Think economic woes are hitting your wallet hard? Try working for tips for a living.
I am a server in a local restaurant and bar, and I am writing with the hope that my letter might make more people in the community think a little harder when it is time to tip your waiter or waitress.
I know that times are tough on everyone right now, but for us servers, times have been really rough lately. Did you know that most restaurants only pay us a wage of $2.13 per hour? That means that we are depending on your tips. Your generosity and monetary appreciation (or lack thereof) for our service either makes or breaks our day at work. Lately, most of my and my fellow servers’ days at work have, sadly, been break-type days, and our wallets are feeling the pinch. In the last several weeks, most of us have seen our tips drop by half or even more, and not for lack of customers. Yes, business has slowed a little, but the restaurant where I work still has a waiting list for tables most nights. People just aren’t tipping like they used to, or they aren’t tipping at all.
Imagine if your income suddenly and unexpectedly dropped by half or more. This is what many servers are experiencing these days. Many of us have kids to feed, and all of us have bills to pay. And the restaurant does not provide a steady hourly rate to back us up if we don’t make the tips we need. So please try to think of your server, when he or she takes the time to work hard for you, by considering the following things when deciding how much to tip:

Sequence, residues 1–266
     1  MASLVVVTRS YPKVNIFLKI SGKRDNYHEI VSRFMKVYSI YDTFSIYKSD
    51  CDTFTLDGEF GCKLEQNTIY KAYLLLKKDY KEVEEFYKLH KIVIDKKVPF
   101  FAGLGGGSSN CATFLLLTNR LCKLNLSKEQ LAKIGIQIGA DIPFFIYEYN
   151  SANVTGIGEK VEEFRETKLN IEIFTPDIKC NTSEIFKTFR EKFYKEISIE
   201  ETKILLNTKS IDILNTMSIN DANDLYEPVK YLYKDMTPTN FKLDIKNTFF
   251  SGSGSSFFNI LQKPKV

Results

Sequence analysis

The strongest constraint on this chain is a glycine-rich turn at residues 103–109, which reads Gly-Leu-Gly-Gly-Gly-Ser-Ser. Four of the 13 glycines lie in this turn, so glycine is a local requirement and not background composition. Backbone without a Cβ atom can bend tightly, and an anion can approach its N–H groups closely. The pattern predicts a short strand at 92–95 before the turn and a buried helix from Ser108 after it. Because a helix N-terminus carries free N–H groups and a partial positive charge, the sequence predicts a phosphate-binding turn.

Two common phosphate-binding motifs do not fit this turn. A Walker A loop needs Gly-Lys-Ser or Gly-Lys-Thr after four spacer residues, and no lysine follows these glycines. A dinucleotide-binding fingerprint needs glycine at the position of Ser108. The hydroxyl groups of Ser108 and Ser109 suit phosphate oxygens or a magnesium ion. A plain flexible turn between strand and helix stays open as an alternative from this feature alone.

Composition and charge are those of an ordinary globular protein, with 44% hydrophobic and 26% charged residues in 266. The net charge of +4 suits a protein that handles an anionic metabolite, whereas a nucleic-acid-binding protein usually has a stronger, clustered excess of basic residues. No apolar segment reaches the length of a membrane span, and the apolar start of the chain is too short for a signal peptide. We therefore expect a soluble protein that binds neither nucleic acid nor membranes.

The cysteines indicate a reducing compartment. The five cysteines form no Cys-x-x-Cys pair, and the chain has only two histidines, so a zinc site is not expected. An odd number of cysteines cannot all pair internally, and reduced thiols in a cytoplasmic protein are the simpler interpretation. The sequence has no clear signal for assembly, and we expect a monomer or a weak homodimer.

• The expected tip is 15 percent of the bill. Please plan to leave at least this much for our service. Otherwise you have essentially asked us to work for you for nothing. Would you be happy to work for nothing?
• If you cannot afford the tip, but still want the restaurant food, consider takeout. Same food, without the need to tip.
• If you sit at one of our tables for more than an hour or so, please leave more than the expected 15 percent. Think about it: If you sit there taking up one of my tables for four hours, yet only leave me 15 percent of your bill, you have just cost me perhaps three or four times that tip amount by preventing me from turning the table once per hour. Please think about compensating me for that potential loss, as well as for my time spent waiting on you.
• We remember you when you tip well, and this will ensure that you get great service every time. Conversely, we also remember you when you don’t tip so well.
Please remember these things when it’s time to pay the bill at your favorite restaurant—and thanks!
— Sabina Ronson